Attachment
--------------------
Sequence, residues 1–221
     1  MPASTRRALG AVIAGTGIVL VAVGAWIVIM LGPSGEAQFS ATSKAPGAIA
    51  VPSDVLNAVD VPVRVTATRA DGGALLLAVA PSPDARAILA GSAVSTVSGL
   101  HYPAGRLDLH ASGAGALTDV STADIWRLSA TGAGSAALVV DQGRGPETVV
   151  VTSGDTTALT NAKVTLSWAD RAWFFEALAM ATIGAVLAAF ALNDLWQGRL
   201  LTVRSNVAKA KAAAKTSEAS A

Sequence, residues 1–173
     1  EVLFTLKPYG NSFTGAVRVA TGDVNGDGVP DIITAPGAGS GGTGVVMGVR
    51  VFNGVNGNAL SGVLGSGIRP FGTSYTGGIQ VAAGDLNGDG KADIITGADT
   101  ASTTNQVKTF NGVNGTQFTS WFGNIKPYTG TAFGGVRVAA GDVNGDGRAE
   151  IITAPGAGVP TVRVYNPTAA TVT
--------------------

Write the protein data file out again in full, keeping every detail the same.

Sequence, residues 1–221
     1  MPASTRRALG AVIAGTGIVL VAVGAWIVIM LGPSGEAQFS ATSKAPGAIA
    51  VPSDVLNAVD VPVRVTATRA DGGALLLAVA PSPDARAILA GSAVSTVSGL
   101  HYPAGRLDLH ASGAGALTDV STADIWRLSA TGAGSAALVV DQGRGPETVV
   151  VTSGDTTALT NAKVTLSWAD RAWFFEALAM ATIGAVLAAF ALNDLWQGRL
   201  LTVRSNVAKA KAAAKTSEAS A

Sequence, residues 1–173
     1  EVLFTLKPYG NSFTGAVRVA TGDVNGDGVP DIITAPGAGS GGTGVVMGVR
    51  VFNGVNGNAL SGVLGSGIRP FGTSYTGGIQ VAAGDLNGDG KADIITGADT
   101  ASTTNQVKTF NGVNGTQFTS WFGNIKPYTG TAFGGVRVAA GDVNGDGRAE
   151  IITAPGAGVP TVRVYNPTAA TVT